Turkish forces were sent from Syria to Libya, Turkish fighter planes are plying Libya’s airspace and Turkish advisers are training the forces loyal to the government. Turkey isn’t only clashing with Haftar’s forces but with his allies such as Egypt, the Emirates, Saudi Arabia, Russia and France.

This conflict, which the United States is viewing as an issue that doesn’t concern it, reflects the wider conflict in the eastern Mediterranean.

The Turkish-Libyan maritime agreement led Egypt and Greece to sign a similar deal in August that divides areas partly corresponding to the Turkish-Libyan map. “The agreement between Greece and Egypt is worthless,” Erdogan told reporters in Istanbul last month. “There’s no need to talk with those who have no rights, especially in maritime jurisdictions.”

Erdogan said the agreement could push Turkey to use its military if necessary, though he did not elaborate. Despite Ankara’s military advantage over the forces of Egypt, the Emirates and Greece, such a move would mean a major war that France and other European countries might join.

Turkey’s economic interest in the eastern Mediterranean needs no elaboration. The country that in 2019 imported around 41 million tons of oil and around 45 billion cubic meters of gas has no energy sources of its own, so it can’t forgo control of gas and oil reserves that ensure its needs.

And even though a giant gas reserve was recently discovered in the Black Sea, it will take years for Turkey to be able to use it. Also, beyond its current needs, Turkey hopes to become a gas and oil distribution center for European countries and earn huge transit royalties.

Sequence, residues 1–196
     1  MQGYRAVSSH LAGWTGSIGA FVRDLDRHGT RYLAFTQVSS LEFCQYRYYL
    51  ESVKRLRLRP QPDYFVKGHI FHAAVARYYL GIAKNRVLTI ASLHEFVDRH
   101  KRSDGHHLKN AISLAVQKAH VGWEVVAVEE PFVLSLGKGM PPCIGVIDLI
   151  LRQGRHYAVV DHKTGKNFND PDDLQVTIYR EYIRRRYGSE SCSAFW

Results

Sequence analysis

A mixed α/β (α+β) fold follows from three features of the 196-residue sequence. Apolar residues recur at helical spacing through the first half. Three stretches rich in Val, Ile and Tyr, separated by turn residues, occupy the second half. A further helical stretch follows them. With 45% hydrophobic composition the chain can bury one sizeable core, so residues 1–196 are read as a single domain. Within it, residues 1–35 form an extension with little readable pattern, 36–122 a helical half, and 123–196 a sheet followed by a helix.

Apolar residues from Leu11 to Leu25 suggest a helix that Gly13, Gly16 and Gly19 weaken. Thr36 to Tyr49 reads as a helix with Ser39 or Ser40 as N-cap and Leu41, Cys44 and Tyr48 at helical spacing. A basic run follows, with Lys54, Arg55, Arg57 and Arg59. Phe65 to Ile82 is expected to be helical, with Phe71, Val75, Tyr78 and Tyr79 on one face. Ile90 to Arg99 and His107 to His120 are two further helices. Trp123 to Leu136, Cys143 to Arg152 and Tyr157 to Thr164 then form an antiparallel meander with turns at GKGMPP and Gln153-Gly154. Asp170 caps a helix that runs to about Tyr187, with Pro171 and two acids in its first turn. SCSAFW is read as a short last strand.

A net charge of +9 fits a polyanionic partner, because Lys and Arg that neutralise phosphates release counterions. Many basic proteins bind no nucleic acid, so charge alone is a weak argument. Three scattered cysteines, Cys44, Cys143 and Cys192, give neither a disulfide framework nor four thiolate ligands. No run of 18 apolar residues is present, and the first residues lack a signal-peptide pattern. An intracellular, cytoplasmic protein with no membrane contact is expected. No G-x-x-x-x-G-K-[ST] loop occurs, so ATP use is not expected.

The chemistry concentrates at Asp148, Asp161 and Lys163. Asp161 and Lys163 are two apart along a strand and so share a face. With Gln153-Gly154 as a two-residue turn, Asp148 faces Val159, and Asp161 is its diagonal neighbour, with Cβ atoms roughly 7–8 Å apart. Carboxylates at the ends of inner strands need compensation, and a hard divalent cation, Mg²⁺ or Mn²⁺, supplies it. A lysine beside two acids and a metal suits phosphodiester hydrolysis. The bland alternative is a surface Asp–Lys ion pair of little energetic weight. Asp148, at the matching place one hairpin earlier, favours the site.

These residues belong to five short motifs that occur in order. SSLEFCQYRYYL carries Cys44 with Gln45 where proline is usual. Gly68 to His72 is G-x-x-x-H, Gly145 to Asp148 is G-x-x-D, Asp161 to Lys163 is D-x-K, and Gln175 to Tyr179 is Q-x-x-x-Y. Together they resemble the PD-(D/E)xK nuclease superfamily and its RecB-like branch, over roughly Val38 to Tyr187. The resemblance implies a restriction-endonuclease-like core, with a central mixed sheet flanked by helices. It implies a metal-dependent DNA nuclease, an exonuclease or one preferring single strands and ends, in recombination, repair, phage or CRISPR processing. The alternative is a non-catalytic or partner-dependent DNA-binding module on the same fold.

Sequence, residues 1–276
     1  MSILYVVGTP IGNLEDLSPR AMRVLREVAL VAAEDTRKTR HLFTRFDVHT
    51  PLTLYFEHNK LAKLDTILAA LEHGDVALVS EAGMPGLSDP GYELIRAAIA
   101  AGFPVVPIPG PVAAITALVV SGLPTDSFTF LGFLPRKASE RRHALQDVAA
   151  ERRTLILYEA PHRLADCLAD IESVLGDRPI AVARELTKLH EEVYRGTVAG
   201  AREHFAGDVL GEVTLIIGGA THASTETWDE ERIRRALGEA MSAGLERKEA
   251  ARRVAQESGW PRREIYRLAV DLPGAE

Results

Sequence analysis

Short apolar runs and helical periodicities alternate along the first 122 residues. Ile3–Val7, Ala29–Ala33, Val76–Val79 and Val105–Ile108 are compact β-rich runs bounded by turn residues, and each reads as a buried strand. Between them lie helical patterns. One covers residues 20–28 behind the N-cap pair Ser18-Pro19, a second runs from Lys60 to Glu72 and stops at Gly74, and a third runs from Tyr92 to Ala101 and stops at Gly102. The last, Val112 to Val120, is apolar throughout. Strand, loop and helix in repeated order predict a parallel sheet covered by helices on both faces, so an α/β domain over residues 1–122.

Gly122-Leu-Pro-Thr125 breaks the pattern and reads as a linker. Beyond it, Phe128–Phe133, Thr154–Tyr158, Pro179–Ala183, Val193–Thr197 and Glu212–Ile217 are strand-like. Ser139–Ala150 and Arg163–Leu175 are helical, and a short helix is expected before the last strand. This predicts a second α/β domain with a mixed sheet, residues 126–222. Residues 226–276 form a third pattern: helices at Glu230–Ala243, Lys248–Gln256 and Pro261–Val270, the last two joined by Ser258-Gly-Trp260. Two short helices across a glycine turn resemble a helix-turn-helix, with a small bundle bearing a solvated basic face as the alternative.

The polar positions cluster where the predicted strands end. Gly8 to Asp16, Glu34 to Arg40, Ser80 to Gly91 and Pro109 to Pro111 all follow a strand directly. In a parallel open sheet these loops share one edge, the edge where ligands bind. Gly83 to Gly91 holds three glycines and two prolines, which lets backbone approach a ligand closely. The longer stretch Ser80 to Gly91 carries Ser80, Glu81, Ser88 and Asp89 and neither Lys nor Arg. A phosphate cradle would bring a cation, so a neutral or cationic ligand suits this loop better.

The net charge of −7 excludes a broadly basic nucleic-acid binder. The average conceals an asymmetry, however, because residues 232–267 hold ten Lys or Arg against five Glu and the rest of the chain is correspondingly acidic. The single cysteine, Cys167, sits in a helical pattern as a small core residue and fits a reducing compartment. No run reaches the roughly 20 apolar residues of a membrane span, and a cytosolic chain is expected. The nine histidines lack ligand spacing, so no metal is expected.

Russia is now the main supplier of energy products; Iran would have been another but for the U.S. sanctions. Turkey and Israel held talks on selling Israeli gas to Europe via an Israeli-Turkish pipeline, but in 2015 when the Italian oil and gas giant Eni discovered the huge natural gas field Zohr in Egypt’s part of the Mediterranean, Turkey’s plans went awry.

Eni is also one of the large companies searching for oil off Cyprus and holds a big stake in two gas processing plants. It has been advancing a plan to get Egypt, Cyprus and Israel into a project to market their gas to Europe via Egypt’s processing facilities. France joined in 2018 when the French oil and gas giant Total went into partnership with Eni in all gas development operations in Cyprus.

In the journal Foreign Policy, Israeli researcher Michael Tanchum of Spain’s University of Navarra describes this partnership as “another blow to Turkey” that places France “in the middle of the eastern Mediterranean energy morass”. One consequence was that Israel suspended the plan to transport gas with Turkey, which realized that its dream of hosting a European gas distribution centre was fading.

The Ottoman legacy